Anthony J. Genot

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Hybridization of DNA strands can be used to build molecular devices, and control of the kinetics of DNA hybridization is a crucial element in the design and construction of functional and autonomous devices. Toehold-mediated strand displacement has proved to be a powerful mechanism that allows programmable control of DNA hybridization. So far, attempts to(More)
We report reversible logic circuits made of DNA. The circuits are based on an AND gate that is designed to be thermodynamically and kinetically reversible and to respond nonlinearly to the concentrations of its input molecules. The circuits continuously recompute their outputs, allowing them to respond to changing inputs. They are robust to imperfections in(More)
The reductionist approach has revolutionized biology in the past 50 years. Yet its limits are being felt as the complexity of cellular interactions is gradually revealed by high-throughput technology. In order to make sense of the deluge of "omic data", a hypothesis-driven view is needed to understand how biomolecular interactions shape cellular networks.(More)
Cells rely on limited resources such as enzymes or transcription factors to process signals and make decisions. However, independent cellular pathways often compete for a common molecular resource. Competition is difficult to analyze because of its nonlinear global nature, and its role remains unclear. Here we show how decision pathways such as(More)
We report the splitting of an oscillating DNA circuit into ∼700 droplets with picoliter volumes. Upon incubation at constant temperature, the droplets display sustained oscillations that can be observed for more than a day. Superimposed to the bulk behaviour, we find two intriguing new phenomena - slow desynchronization between the compartments and(More)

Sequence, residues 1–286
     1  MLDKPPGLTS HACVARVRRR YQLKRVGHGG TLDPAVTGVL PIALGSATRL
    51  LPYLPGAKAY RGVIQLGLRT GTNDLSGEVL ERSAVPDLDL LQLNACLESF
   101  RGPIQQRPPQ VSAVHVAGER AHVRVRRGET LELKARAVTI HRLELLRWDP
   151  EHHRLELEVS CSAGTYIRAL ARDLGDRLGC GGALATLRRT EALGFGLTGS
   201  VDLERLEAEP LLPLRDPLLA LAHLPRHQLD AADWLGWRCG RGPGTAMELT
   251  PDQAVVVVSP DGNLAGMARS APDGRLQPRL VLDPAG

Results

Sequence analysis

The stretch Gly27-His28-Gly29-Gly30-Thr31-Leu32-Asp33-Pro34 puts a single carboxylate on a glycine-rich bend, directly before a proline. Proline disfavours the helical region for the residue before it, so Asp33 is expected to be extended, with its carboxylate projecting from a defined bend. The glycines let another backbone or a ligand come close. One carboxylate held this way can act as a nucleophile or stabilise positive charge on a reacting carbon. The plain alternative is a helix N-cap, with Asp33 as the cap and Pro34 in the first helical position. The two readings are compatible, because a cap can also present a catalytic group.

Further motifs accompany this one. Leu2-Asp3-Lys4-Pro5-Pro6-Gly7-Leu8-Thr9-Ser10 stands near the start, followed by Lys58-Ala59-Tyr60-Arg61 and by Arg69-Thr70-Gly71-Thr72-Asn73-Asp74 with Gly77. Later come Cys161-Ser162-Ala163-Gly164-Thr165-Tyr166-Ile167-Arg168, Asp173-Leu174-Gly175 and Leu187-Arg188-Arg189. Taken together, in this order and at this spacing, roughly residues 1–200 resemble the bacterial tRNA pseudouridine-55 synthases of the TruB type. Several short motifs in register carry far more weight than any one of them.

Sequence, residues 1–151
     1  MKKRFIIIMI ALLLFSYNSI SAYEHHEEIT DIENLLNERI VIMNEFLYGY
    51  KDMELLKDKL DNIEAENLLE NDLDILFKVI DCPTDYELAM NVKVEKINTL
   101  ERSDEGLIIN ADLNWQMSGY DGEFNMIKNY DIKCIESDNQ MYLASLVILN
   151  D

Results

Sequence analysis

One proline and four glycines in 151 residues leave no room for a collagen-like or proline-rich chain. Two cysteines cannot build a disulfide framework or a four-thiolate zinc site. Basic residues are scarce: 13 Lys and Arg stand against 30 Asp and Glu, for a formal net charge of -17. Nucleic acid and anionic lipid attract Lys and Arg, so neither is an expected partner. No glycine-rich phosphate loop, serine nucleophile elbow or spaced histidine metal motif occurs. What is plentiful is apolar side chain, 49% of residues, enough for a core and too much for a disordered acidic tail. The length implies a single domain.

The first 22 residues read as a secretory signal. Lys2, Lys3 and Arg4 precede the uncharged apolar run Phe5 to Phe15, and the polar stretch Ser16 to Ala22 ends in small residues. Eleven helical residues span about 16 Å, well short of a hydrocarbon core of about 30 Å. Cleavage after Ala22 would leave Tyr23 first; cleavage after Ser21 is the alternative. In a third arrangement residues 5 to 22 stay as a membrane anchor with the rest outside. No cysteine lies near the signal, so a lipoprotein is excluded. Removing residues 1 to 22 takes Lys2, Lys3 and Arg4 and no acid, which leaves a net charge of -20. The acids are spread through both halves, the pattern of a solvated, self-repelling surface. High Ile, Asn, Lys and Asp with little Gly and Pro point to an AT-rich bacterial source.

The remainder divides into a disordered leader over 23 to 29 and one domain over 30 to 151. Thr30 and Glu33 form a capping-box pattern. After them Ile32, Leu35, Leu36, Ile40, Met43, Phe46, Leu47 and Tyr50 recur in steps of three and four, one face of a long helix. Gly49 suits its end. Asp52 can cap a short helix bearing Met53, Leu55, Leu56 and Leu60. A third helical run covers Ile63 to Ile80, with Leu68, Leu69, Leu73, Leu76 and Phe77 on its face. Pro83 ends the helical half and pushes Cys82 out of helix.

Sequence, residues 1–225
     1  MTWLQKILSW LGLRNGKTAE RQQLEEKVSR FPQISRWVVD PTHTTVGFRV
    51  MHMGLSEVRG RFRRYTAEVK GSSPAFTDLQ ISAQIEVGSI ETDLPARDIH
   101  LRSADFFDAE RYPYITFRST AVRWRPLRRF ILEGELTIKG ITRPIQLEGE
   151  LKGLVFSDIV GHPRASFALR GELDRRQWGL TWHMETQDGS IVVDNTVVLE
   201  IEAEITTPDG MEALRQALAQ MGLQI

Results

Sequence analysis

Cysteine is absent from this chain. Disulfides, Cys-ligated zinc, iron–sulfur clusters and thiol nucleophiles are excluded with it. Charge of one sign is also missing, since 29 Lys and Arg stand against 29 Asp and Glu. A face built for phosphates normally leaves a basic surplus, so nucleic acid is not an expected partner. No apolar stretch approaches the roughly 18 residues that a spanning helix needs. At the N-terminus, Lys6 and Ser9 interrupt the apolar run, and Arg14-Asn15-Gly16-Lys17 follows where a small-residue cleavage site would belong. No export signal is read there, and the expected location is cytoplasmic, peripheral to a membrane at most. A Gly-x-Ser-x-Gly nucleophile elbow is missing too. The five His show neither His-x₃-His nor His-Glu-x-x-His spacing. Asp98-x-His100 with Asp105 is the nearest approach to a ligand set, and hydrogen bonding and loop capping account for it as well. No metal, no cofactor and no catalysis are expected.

DNA has proved to be an exquisite substrate to compute at the molecular scale. However, nonlinear computations (such as amplification, comparison or restoration of signals) remain costly in term of strands and are prone to leak. Kim et al. showed how competition for an enzymatic resource could be exploited in hybrid DNA/enzyme circuits to compute a powerful(More)
We show how to exploit enzymatic saturation -an ubiquitous nonlinear effects in biochemistryin order to process information in molecular networks. The networks rely on the linearity of DNA strand displacement and the nonlinearity of enzymatic replication. We propose a pattern-recognition network that is compact and should be robust to leakage.